MBA – Major Bad Ass?

Are business schools bad for business? I recently came across a very interesting article by the late Sumatra Ghoshal, who blamed business schools for the demise in management practices because they have become obsessed with teaching maximizing shareholder value at the expense of everything else.  In Bad Management Theories are Destroying Good Management Practices he claims that business schools have gone astray because they teach ideology more than they teach theory, let alone good management practices. Are business schools really that bad?

Theories turned ideologies?

Ghoshal questions the very basis for many of the topics taught in business schools, such as principal-agent theory, transaction-cost economics and game theory, among others:

  • In courses on corporate governance grounded in agency theory we have taught our students that managers cannot be trusted to do their jobs – which, of course, is to maximize shareholder value – and that to overcome “agency problems”, managers’ interests and incentives must be aligned with those of the shareholders by, for example, making stock options a significant part of their pay.
  • In courses on organization design, grounded in transaction cost economics, we have preached the need for tight monitoring and control of people to prevent “opportunistic behavior”.
  • In strategy courses we have presented the “five forces” framework to suggest that companies must compete not only with their competitors, but also with their suppliers, customers, employees and regulators.
  • MBA students are not alone in having learned, for decades, these theories of management. Thousands of executives who have attended business courses have learned the same lessons, although the actual theories were not presented to them so directly.
  • Even those who never attended a business school have learned to think in these ways, because these theories have been in the air, legitimizing some actions, de-legitimizing others, and generally shaping the intellectual and normative order withing which all day-to-day decisions are made.

Theories have turned into accepted truths that have turned into ideologies about how business works and how it should be run. Few, if any, have questioned these theories, and Ghoshal puts it quite harshly when he says that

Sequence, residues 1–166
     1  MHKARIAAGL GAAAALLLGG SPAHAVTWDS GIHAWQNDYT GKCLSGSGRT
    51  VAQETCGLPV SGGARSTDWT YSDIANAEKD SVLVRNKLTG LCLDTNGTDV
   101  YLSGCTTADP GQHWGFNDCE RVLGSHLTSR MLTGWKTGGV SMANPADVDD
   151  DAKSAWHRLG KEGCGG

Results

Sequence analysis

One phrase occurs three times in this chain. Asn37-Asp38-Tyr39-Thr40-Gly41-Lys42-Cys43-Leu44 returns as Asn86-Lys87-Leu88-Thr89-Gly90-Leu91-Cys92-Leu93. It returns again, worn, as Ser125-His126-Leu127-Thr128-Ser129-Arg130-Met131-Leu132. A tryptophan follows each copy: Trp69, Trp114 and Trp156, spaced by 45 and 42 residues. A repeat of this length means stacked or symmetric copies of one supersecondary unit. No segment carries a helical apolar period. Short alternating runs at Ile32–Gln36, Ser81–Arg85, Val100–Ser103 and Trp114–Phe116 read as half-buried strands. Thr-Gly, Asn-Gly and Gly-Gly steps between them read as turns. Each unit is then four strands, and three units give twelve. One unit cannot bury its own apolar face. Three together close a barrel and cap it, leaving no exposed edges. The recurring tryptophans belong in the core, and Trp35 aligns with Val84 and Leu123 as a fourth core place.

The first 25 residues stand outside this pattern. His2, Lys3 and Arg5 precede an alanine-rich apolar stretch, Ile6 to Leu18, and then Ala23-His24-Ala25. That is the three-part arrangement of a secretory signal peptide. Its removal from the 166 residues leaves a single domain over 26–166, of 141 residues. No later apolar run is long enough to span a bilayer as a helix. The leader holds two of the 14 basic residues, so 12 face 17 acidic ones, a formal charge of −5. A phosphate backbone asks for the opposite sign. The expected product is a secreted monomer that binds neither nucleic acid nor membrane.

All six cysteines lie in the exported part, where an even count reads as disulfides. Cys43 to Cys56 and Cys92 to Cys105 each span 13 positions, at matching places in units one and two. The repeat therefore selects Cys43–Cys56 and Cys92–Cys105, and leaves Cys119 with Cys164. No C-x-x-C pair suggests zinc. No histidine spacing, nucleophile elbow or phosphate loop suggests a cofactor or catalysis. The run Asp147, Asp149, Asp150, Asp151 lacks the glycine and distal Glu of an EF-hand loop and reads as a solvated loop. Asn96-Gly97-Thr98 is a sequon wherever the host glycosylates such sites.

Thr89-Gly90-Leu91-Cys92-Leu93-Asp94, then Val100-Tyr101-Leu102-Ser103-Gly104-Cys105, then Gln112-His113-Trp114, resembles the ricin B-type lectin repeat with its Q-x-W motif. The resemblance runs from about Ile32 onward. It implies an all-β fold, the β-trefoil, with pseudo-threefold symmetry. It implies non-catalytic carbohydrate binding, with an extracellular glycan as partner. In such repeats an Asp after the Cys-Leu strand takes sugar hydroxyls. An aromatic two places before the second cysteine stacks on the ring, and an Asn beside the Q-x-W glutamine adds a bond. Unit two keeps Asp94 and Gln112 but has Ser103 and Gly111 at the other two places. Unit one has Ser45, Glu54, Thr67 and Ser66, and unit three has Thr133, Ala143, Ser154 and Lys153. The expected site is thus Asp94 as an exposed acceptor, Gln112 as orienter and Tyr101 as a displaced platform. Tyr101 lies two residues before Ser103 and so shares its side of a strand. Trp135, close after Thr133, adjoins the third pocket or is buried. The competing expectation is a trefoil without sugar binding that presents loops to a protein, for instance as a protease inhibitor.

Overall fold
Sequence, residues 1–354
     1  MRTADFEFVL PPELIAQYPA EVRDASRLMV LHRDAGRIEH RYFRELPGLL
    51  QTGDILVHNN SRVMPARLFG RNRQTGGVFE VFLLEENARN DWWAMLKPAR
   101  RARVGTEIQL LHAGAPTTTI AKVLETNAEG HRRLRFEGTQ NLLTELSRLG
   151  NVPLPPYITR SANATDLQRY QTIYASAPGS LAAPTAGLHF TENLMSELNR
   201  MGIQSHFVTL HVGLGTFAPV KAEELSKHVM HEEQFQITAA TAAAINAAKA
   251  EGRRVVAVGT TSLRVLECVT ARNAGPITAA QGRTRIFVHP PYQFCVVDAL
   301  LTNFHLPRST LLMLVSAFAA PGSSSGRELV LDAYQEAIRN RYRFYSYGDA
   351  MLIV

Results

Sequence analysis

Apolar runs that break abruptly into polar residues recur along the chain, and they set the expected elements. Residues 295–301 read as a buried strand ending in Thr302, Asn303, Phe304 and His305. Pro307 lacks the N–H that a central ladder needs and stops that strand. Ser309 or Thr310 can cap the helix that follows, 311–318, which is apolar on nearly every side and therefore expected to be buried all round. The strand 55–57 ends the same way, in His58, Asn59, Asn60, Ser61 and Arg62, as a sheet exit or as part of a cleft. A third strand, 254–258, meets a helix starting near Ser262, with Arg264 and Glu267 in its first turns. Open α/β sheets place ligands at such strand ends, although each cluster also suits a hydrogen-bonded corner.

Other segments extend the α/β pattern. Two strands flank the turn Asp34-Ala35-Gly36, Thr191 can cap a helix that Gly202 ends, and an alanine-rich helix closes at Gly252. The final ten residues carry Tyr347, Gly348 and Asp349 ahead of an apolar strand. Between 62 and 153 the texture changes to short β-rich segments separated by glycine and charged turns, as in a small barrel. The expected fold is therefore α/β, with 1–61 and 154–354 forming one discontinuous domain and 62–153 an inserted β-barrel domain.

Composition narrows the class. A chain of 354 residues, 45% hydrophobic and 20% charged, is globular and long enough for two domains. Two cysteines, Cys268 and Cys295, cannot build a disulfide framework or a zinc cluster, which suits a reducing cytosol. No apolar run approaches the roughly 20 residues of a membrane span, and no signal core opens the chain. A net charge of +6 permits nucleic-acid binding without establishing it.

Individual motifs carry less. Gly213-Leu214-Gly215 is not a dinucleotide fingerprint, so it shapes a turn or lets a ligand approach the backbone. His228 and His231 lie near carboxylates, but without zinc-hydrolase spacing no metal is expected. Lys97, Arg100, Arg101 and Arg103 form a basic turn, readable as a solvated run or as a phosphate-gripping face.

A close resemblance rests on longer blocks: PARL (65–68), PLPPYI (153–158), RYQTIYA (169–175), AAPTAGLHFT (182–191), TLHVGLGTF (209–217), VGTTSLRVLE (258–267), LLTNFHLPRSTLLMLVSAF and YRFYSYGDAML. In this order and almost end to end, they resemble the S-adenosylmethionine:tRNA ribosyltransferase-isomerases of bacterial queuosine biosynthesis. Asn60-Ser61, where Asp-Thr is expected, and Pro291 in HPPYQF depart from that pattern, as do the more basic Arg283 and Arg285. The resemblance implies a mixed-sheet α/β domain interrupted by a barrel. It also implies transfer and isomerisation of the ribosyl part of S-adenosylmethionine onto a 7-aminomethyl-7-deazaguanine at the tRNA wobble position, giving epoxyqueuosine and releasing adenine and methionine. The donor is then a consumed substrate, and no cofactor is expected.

academic research related to the conduct of business has had some very significant and negative influences on the practice of management. These influences have been less at the level of adoption of a particular theory and more at the incorporation, within the worldview of managers, of a set of ideas and assumptions that have come to dominate much of management research […] By propagating ideologically inspired amoral theories, business schools have actively freed their students from any sense of moral responsibility.

Essentially then, if I follow Ghoshal’s train of thought, we have fallen victim to our own theories, or ideologies, and we should not feel so surprised at what perspired at Enron, or the Lehman Brothers for that matter.

What would business be without Milton Friedman?

In particular, Milton Friedman’s postulation that “Few trends could so thoroughly undermine the very foundation of our free society as the acceptance by corporate officials of a social responsibility other than to make as much money as possible for their stockholders” does not go down well with Ghoshal, and I am inclined to agree.

I mean, who can honestly say that companies will not survive and prosper (and perhaps even more so) when they simultaneously pay attention to the interest of customers, employees, shareholders, and perhaps even the communities in which they operate? Luckily, and what bodes well for the future, some academics are in fact beginning to see business management in this light. Unfortunately, they are up against the mighty enemy of mainstream economics which is not yet ready to accept such new ideas.

MBA = Major Bad Ass?

We’ve probably all heard the usual euphemism for PhD, Permanent Head Damage, snd if I follow through on Ghoshal’s thoughts, MBA could be described as Master of Bad Administration, or as some say, Major Bad Ass, which would certainly be in line with Ghoshal’s own perception:

Combine agency theory with transactions costs economics, add in standard versions of game theory and and negotiations, and the picture of the manager that emerges is one that is now very familiar in practice: the ruthlessly hard-driving, strictly top-down, command-and-control-focused, shareholder-value-obsessed, win-at-any-cost business leader.

Maybe not all leaders are like this? I hope so.

Reference

Ghoshal, S. (2005). Bad management theories are destroying good management practices IEEE Engineering Management Review, 33 (3), 79-79 DOI: 10.1109/EMR.2005.26768

Author link

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